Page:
Background: Invasive mold infections in children with hematological malignancies are associated with high mortality rates. The use of combination antifungal therapy in cases with a severe clinical course is increasing, although information on the efficacy and safety of this approach is limited.
Methods: We present a case series of 13 children affected by hemato-oncological disorders who received combination antifungal therapy for invasive mold infections at our center (Pediatric Hematology, San Gerardo Hospital, Monza, Italy) from 2011 to 2016, with the aim of describing their clinical characteristics, types of infections, treatment regimens, clinical outcomes, and treatment safety. Medical records were retrospectively reviewed in order to describe patients' characteristics.
Results: Combination antifungal therapy included liposomal amphotericin associated with caspofungin (5/13, 38.4%), voriconazole (5/13, 38.4%), or posaconazole (3/13, 23.1%). The 12-week treatment response rate was 69.2% (6/13 patients showed complete response, 3/13 partial response). The crude mortality was 30.7% (4/13): half was related to invasive mold infections (2/13, 15.38%) and half to disease progression (2/13, 15.38%). Overall, treatment was well tolerated, and we did not observe any permanent discontinuation of antifungals due to related side effects.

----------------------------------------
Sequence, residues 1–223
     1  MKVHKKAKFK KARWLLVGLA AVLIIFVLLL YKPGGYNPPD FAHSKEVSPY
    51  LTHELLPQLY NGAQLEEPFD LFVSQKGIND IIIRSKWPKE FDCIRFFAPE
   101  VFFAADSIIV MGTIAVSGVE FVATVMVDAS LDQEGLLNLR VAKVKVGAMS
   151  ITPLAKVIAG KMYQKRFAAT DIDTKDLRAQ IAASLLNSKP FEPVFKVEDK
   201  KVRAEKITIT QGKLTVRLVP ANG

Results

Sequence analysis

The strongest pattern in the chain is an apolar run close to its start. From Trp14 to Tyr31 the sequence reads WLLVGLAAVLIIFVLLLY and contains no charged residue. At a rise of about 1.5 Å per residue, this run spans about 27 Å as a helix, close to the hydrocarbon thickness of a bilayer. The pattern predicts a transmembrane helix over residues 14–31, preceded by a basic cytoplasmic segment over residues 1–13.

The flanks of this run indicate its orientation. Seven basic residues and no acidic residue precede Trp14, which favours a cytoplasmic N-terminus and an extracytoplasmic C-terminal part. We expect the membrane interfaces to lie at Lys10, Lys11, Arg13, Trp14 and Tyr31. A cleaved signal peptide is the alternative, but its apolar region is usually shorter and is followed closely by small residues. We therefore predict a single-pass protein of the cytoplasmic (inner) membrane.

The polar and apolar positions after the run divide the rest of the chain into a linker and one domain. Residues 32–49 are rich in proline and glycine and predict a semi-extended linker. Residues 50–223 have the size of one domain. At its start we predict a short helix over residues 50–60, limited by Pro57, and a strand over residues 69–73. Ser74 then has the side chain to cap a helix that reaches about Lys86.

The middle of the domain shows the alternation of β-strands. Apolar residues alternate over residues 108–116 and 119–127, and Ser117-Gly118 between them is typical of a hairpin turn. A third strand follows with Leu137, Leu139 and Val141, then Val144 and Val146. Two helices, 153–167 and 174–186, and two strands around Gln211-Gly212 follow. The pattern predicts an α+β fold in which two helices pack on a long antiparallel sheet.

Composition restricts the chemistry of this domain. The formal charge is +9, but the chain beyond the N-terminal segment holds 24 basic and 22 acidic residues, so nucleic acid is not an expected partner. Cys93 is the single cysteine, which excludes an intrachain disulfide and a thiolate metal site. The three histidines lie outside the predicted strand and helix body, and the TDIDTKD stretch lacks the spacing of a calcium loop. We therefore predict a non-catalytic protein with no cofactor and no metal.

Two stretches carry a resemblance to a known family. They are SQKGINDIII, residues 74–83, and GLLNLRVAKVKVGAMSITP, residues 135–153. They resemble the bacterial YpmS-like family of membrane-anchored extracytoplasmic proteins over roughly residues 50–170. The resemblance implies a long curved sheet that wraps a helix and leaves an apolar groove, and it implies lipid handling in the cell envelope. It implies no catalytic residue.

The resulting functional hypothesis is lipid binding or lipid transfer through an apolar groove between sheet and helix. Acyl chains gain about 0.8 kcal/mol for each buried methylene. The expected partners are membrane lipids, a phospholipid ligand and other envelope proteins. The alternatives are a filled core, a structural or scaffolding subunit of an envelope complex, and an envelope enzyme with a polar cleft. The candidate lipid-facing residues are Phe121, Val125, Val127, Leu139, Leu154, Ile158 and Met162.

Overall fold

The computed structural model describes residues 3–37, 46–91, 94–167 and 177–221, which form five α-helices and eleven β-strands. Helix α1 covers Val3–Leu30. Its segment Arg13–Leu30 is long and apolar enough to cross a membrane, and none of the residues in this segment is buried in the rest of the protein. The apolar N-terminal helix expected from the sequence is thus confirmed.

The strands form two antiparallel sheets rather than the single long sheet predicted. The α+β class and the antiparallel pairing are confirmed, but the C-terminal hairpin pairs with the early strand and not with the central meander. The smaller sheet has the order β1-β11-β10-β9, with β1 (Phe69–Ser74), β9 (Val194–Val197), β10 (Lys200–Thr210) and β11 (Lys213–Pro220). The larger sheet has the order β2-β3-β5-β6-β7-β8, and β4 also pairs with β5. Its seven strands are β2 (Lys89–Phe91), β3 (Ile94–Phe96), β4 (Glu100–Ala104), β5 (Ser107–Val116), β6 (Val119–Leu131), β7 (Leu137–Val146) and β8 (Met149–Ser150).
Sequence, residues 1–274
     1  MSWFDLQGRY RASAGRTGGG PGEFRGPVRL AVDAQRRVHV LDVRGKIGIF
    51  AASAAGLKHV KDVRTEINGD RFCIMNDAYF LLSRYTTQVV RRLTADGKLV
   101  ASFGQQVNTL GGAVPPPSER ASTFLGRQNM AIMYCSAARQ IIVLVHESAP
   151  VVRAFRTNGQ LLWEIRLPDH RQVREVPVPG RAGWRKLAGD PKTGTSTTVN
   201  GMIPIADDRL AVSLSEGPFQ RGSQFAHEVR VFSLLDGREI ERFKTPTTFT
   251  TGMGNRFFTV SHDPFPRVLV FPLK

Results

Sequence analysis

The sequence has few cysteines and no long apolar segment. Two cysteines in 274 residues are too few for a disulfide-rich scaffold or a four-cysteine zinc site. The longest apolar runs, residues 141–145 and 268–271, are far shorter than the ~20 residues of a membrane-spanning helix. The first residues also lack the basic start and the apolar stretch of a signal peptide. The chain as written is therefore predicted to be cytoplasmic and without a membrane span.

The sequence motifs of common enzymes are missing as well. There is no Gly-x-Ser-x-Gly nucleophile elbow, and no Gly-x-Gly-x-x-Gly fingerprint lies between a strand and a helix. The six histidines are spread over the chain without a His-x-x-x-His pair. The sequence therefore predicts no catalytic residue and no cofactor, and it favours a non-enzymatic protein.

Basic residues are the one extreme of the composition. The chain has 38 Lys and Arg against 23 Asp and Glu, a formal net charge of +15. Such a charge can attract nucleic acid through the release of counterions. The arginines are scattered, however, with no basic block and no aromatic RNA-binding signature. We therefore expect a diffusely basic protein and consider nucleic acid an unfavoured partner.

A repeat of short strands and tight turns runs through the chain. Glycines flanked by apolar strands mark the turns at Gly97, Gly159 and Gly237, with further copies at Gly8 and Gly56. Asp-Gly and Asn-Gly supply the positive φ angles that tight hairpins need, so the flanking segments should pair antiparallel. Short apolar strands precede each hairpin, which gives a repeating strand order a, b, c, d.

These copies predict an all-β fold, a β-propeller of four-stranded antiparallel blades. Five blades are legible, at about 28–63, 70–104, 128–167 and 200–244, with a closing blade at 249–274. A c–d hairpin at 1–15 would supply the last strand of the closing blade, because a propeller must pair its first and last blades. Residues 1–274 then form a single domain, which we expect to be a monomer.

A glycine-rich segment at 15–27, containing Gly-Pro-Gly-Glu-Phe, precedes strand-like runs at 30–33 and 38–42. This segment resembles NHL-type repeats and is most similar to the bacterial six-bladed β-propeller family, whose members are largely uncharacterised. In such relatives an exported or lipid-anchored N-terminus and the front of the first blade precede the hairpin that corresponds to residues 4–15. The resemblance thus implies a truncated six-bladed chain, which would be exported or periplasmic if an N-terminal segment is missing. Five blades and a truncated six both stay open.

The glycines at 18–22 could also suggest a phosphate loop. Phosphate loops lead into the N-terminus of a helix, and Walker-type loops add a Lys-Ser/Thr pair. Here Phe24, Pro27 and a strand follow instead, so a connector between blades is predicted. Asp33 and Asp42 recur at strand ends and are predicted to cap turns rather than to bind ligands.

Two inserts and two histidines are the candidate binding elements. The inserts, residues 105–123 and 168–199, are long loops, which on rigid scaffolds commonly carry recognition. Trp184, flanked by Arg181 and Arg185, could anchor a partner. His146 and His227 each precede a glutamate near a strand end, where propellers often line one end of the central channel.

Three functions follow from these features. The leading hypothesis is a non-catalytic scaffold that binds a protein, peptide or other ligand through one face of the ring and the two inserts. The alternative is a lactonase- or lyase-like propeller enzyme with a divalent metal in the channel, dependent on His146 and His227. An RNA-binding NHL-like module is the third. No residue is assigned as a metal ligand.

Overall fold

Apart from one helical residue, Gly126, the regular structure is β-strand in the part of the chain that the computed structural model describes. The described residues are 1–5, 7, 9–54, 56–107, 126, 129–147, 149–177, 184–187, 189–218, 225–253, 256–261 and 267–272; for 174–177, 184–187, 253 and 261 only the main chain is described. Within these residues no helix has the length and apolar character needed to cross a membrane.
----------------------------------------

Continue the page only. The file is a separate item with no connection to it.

Conclusions: In our experience, combination antifungal therapy seems to be a safe option in immunocompromised children with invasive mold infections. Well-designed studies are needed to confirm the safety of this approach and to better understand its efficacy in the pediatric setting.